Spotlight on Iran

July 12-26, 2015 Editor: Dr. Raz Zimmt

  • Iran's Supreme Leader, Ali Khamenei, stressed that Iran would continue to support the Palestinians, Yemenis, Syrians, Iraqis, Bahrainis and Lebanese even after the nuclear deal had been signed. (That is, Iran will continue supporting terrorist organizations and th Iranian-sponsored Shi'ite militias operating in those countries.)
  • Two high-ranking Iranian officers were killed in Syria; a Basij operative was killed in Iraq.
  • The commander of the Islamic Revolutionary Guards Corps – Qods Force (IRGC-QF) called Iran's support for Syria "a supreme religious obligation."
  • The visit paid by senior Hamas official Khaled Mashaal to Saudi Arabia was severely criticized by Iran.


Senior Iranian Officials' Statements on Iran's Regional Involvement
  • Iranian Supreme Leader Ali Khamenei, delivering an Eid al-Fitr sermon, said that whether the nuclear deal were approved or not, Iran would not stop supporting its regional friends. He claimed Iran would always support the Palestinian people, Yemen, the Syrian government and people, Iraq, the people of Bahrain and the fighters in Lebanon and Palestine (Fars News Agency, July 18, 2015). In protest, Bahrain summoned the Iranian chargé d'affaires in Manama to clarify Khamenei's remarks (Press TV, July 19, 2015).
  • Ali-Akbar Velayati, advisor to Supreme Leader Ali Khamenei for international affairs, said in a newspaper interview that he did not expect Iran to change its regional policies after the nuclear deal. Iran, he said, was determined to continue supporting Iraq in its struggle against the terrorism threatening all the countries of the region and the countries of the West as well. He noted that Iran's support of the peoples of Iraq, Syria, Lebanon and Yemen was a humanitarian and Islamic duty. He added that fighting terrorism beyond the borders of Iran was vital for ensuring Iran's territorial integrity and political life. The fight against terrorism and the struggle against American and other foreign intervention in regional affairs was, he claimed, part of the Iran's strategic mission. He also claimed the United States had recently approached Iran to request talks about the developments in Syria and Yemen, but that Iran had denied the request (Fars News Agency, July 21, 2015).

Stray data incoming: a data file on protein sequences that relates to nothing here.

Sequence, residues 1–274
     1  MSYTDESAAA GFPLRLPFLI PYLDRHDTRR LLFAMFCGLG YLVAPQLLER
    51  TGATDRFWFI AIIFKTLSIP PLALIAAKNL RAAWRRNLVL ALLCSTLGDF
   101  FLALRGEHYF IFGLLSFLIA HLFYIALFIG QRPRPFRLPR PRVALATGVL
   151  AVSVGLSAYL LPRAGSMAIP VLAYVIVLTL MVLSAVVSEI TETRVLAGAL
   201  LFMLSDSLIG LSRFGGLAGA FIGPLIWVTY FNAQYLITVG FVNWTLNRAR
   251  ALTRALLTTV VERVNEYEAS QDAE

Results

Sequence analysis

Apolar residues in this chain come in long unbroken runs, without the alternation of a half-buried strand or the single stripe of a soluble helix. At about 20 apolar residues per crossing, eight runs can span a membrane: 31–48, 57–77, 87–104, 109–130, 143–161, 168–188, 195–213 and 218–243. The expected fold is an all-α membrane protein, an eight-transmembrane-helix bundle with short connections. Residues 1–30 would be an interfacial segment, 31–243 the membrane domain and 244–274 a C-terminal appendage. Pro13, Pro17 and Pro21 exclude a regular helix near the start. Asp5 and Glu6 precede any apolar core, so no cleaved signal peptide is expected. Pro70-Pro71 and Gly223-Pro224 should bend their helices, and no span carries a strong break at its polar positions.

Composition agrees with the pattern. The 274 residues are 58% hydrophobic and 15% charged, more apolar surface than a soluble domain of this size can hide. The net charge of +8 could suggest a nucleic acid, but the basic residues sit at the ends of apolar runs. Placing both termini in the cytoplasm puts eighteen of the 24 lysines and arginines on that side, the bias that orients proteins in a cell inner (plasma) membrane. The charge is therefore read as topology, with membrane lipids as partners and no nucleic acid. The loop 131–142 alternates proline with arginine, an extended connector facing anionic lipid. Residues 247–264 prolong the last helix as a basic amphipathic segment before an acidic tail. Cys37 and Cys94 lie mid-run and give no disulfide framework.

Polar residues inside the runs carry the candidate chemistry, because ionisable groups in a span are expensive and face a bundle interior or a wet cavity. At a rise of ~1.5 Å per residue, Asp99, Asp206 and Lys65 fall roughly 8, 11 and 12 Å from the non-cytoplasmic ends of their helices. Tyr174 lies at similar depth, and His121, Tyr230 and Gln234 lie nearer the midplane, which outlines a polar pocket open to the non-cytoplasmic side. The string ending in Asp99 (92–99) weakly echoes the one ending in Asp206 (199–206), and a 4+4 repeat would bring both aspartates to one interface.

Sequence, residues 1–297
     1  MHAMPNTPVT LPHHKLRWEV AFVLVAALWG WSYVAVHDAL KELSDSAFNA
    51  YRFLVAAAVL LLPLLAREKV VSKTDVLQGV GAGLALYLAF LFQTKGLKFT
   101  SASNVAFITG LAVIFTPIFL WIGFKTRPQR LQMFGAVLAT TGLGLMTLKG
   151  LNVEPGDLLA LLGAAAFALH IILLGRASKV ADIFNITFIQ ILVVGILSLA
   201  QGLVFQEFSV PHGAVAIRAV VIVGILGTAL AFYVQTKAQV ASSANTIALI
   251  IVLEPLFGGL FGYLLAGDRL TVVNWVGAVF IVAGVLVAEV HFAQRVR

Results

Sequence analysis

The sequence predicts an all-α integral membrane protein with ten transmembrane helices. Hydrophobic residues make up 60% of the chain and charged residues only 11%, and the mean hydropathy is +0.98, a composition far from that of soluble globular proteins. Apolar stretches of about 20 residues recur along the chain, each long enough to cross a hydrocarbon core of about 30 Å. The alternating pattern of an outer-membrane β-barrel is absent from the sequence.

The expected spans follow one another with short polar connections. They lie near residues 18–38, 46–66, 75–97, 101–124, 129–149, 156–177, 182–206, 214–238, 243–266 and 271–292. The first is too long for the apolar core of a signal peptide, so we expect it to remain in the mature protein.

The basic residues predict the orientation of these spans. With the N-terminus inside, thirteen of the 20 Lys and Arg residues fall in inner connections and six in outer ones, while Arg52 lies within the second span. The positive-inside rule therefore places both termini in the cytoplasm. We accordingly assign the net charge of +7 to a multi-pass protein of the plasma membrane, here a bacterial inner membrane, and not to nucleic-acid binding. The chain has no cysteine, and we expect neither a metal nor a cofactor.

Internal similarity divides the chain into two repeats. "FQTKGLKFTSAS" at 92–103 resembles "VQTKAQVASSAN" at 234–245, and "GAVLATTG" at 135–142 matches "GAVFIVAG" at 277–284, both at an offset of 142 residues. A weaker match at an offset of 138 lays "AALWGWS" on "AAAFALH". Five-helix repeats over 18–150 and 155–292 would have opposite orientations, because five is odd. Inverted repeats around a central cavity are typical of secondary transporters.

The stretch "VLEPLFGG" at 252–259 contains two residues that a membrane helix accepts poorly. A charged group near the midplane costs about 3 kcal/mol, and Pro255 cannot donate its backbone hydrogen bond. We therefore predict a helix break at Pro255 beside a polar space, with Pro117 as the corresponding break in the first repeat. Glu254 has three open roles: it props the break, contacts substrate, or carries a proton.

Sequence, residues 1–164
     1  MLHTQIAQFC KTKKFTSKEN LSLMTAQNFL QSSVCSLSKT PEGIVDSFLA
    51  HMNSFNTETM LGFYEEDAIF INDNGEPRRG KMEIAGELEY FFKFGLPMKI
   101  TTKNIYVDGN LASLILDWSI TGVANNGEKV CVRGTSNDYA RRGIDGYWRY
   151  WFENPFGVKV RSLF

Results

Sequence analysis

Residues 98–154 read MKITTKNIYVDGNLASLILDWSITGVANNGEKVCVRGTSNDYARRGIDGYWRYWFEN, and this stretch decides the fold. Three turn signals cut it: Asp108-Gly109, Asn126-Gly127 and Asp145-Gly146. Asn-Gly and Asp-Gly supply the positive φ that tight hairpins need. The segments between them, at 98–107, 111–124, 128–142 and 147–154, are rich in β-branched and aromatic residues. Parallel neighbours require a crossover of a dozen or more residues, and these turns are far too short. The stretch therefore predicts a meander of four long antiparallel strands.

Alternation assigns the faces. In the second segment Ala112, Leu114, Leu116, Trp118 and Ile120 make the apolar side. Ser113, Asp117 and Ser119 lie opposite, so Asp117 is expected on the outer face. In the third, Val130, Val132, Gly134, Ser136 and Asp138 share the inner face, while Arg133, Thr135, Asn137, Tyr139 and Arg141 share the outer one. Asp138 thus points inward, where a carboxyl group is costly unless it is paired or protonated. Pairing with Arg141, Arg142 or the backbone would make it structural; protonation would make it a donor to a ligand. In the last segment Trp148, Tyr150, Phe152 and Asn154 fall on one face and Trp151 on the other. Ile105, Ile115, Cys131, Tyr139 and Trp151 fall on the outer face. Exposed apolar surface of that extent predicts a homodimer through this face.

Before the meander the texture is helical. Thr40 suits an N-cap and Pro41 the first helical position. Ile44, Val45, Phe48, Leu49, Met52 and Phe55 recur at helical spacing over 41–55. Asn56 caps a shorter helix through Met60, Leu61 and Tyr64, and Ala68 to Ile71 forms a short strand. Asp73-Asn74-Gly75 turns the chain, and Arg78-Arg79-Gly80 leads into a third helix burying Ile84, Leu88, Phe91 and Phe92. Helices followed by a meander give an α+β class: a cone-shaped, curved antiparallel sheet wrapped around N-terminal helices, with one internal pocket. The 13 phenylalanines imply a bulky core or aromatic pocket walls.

• On July 22, 2015, the Entekhab website reported that during the nuclear talks held between Iran and the P5+1, Mohammad Javad Zarif, Iran's foreign minister, had defended the IRGC's regional activities, rejecting Western criticism of actions taken by the Qods Force and its commander, Qasem Soleimani. According to the report, Zarif told Western representatives that if Soleimani had not stood up to ISIS and other Islamic extremists in Syria and Iraq, today the West would be facing a different situation in many cities in both countries.
Iranian Intervention in Syria
  • Two high-ranking IRGC officers were killed in Syria during the past two weeks. Colonel Hajj Karim Ghavabash, 48, from Khuzestan Province was killed in Syria on July 11, 2015 (, July 12, 2015). He was buried in Ahvaz, the capital of Khuzestan Province, on July 16, 2015 (Defa Press, July 16, 2015).
  • Also killed was Qasem Gharib, 33, from Golestan Province ( website, July 13, 2015). He was buried in Gorgan in Golestan on July 14, 2015 (Defa Press, July 15, 2015)